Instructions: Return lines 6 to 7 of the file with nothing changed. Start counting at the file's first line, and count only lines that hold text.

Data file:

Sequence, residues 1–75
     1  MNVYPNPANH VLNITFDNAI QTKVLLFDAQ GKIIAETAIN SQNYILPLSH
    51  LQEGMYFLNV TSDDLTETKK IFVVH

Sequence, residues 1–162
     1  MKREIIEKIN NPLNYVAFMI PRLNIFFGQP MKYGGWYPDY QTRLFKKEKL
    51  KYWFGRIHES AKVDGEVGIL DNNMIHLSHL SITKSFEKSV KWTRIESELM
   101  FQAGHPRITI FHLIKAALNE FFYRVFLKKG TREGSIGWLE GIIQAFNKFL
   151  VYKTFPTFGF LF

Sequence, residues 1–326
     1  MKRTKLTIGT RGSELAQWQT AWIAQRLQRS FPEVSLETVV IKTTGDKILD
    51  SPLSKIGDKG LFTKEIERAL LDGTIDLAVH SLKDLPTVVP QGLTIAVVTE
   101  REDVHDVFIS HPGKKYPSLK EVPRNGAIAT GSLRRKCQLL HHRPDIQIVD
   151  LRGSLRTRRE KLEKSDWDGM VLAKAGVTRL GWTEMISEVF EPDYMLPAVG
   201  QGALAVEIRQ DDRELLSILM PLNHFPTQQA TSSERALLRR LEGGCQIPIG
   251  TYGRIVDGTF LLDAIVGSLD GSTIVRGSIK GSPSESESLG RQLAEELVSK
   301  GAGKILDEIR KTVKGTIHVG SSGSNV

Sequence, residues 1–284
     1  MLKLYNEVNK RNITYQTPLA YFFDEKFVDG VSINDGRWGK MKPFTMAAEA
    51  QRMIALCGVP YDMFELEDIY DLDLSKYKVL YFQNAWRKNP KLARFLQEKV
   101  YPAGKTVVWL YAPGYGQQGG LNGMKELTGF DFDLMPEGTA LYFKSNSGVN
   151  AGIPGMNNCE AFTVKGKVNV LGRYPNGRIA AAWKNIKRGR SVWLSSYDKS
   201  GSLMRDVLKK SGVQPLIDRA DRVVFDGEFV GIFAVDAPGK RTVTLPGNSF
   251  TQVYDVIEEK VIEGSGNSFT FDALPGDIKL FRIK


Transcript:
    51  KYWFGRIHES AKVDGEVGIL DNNMIHLSHL SITKSFEKSV KWTRIESELM
   101  FQAGHPRITI FHLIKAALNE FFYRVFLKKG TREGSIGWLE GIIQAFNKFL